Nerves out the way, and with a pit stop of food and coffee the team began their warm up for event two: 3 laps of a 1.3km course with a 20kg Sandbag, after each lap the team left four athletes at the finish pen leaving just four out on the final 1.3km lap. Ultimately the team knew running was not going to give them the best result, but as in workout 1, some serious strategy work in advance set the team up well. Sam Leachman took charge on the event and worked well with Sian Peters to lift the team across three laps to finish 44th.


Workouts 3 and 4 saw the team split into two teams of 6. Lianne Griffiths showed some prowess in the pool, leading the team to a 29th place finish. The workout consisting of swimming, air squats and climbing in and out of the pool. For a full breakdown on how hard that can be just catch up with Sam L or Rickie Lovell when you next see them in the gym; ask them how Sam OC got on with jumping into a pool.


Simultaneously Gareth Wayt was making friends with the Assault Bike, working in pairs the remainder of team SCCF Red worked through Dumbbell Cleans and Down ups before smashing through 60 calories on the assault bike. The team managed to win the heat and claim 21st on the workout.


Day one ended with heavy, very heavy and ridiculously heavy thrusters, handstand walking and some rope climbs or muscle ups. Mike Holmes, walking more comfortably on his hands than most people do on their feet, taking over from Charlee’s 10 unbroken thrusters at 60kg, scampered up and down a rope and back to the start mat on his hands to take the heat and 21st in the workout to wrap up day one. A leaderboard check after eating virtually all the food available showed the team had pulled themselves out of heat one and into 30th position. They would be taking down day 2 from heat 3.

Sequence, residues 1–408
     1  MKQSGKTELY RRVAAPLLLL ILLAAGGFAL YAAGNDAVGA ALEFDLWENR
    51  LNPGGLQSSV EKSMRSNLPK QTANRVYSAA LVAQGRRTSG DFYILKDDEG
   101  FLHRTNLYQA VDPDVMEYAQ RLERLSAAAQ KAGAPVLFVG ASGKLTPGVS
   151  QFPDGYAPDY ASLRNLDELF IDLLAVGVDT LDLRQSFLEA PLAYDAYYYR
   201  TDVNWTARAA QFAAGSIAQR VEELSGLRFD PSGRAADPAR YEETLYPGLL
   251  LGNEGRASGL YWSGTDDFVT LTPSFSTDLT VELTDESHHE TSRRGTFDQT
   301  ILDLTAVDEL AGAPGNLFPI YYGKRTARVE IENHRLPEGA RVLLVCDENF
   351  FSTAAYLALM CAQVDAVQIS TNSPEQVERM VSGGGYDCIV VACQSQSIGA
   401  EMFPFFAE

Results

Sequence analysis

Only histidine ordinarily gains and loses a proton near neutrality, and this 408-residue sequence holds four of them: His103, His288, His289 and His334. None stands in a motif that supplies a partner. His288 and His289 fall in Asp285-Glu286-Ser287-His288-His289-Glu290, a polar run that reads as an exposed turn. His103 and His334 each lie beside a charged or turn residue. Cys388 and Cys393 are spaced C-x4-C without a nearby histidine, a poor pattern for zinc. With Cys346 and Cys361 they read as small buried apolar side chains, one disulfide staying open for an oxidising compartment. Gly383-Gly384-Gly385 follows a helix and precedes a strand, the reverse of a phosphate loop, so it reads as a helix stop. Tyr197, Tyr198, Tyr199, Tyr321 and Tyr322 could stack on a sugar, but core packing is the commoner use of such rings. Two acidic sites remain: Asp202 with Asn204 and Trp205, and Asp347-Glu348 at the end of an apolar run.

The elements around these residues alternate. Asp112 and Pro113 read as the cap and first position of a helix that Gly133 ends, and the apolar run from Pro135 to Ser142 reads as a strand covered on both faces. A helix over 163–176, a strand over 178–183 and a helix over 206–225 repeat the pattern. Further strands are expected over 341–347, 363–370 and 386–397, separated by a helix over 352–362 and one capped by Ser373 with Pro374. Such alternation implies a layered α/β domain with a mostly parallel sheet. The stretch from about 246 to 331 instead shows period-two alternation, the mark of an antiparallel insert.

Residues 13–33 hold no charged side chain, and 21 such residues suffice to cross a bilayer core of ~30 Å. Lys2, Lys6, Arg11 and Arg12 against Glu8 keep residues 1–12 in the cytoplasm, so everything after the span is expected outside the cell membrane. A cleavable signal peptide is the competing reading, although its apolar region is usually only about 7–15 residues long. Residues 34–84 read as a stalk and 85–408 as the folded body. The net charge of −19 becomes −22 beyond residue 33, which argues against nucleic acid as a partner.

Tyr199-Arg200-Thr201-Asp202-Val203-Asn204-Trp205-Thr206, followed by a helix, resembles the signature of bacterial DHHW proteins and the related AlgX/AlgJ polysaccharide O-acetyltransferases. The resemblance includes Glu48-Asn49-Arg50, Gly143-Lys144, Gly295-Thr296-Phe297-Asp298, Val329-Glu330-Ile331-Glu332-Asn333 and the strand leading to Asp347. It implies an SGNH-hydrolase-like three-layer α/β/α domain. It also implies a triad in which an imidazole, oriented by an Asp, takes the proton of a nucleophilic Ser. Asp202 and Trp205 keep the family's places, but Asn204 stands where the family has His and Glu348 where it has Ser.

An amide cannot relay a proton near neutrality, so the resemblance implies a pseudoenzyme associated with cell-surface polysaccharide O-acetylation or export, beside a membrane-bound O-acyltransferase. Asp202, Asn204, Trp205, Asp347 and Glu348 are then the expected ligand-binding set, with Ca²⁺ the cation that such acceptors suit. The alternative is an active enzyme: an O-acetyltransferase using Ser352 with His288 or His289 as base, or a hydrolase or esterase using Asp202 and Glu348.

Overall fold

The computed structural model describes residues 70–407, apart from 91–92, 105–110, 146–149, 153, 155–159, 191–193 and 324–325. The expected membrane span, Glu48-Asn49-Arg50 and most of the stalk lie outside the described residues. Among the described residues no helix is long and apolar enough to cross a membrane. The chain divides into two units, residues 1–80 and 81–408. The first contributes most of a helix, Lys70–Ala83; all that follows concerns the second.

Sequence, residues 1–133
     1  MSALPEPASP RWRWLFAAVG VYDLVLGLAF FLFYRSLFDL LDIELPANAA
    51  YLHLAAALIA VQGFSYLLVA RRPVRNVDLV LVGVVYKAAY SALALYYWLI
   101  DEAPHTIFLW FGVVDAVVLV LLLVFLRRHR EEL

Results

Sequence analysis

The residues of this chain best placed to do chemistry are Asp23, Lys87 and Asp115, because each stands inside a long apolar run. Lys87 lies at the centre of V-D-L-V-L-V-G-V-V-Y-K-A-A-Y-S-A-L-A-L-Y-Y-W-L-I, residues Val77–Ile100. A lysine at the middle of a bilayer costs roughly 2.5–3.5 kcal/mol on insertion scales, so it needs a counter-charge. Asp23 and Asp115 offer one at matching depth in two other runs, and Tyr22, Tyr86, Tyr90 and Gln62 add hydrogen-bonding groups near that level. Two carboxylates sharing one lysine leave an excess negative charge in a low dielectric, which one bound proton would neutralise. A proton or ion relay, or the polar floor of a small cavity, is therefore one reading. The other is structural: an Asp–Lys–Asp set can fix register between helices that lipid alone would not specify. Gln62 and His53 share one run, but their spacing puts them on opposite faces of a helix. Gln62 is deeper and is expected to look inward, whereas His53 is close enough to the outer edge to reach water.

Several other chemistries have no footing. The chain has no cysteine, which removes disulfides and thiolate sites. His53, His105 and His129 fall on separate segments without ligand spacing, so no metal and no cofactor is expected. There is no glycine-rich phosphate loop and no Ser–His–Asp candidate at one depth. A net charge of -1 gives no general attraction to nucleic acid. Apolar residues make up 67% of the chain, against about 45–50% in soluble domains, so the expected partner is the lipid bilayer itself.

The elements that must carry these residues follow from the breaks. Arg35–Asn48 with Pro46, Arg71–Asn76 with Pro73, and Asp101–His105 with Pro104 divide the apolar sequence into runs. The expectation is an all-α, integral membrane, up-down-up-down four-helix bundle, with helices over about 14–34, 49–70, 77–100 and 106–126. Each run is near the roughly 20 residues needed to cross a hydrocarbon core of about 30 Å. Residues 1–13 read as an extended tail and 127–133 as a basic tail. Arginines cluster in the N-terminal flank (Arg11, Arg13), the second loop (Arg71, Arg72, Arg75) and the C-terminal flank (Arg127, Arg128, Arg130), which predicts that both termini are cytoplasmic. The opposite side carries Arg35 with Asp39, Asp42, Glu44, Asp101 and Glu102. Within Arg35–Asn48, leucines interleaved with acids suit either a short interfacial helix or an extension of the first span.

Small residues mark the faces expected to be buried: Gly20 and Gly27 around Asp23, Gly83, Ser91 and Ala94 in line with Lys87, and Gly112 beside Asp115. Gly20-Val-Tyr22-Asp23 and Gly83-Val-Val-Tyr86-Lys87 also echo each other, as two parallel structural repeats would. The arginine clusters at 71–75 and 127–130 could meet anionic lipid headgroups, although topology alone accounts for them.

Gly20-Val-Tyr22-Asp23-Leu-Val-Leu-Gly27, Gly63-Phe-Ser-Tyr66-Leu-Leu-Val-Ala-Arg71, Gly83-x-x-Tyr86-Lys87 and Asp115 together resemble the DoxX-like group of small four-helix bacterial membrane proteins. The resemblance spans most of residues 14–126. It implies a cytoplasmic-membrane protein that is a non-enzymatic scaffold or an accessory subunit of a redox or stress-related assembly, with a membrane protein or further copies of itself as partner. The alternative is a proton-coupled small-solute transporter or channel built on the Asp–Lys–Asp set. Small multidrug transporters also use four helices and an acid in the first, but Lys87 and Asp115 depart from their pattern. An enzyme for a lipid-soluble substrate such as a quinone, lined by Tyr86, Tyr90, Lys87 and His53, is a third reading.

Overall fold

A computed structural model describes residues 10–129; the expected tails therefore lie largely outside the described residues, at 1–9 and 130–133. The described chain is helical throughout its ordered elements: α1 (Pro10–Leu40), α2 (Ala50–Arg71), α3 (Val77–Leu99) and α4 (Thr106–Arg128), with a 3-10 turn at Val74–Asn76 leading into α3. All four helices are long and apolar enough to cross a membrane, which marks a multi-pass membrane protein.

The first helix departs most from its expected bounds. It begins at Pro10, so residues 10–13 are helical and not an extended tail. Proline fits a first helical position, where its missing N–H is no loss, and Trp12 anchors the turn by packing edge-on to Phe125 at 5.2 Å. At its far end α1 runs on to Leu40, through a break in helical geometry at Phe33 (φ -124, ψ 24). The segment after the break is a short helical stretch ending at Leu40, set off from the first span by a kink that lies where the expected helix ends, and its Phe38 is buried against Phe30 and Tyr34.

Arriving on day two, the team faced an unknown event, a 400m obstacle course featuring an 8ft high inverted wall. Fortunately for the team the military experience of Hannah Lewis as well as Sian, Marcus and Sam L more than made up for their distaste for running. Following the change of clothes required after the water obstacle the team notched up a 32nd place finish. Not the perfect start to day two, but by far from the perfect workout. They team went into the next workout with something to prove.


Workout 7: in sub teams of 3, 75 Wall balls, 50 Toes to bar, 200 Double Unders, 50 Overhead Squats. Some magic from Dre Wesley, who pulled out 130 double unders unbroken and Marcus with 75 Wall balls unbroken helped the team to 17th place.


The 17th place in workout 7 left the team on a big high and ready to go for event 8: The snatch ladder. Hannah Lewis moved a bar faster than anyone else that weekend, and the team pulled off their plan perfectly: moving through ever decreasing reps at increasingly heavier loads. Rickie putting in the same consistent performance he did across the weekend to set Mike and Gareth up for snatches at 100kg, the men took 5th place. The girls followed and another seamless team performance took 13th in the workout. The team won the heat and left the platform with nothing else to prove.


Second City CrossFit took a group of members to that competition with something to prove, that they were better than 49th. What they actually did was show that a group of people, working hard for each other and believing in one another is worth more than the sum of its parts. There were no super star athletes on this team- but there was a team, and that is worth more than any individual contribution over the weekend.


SCCF Red: 21st. Strength in Depth 2017.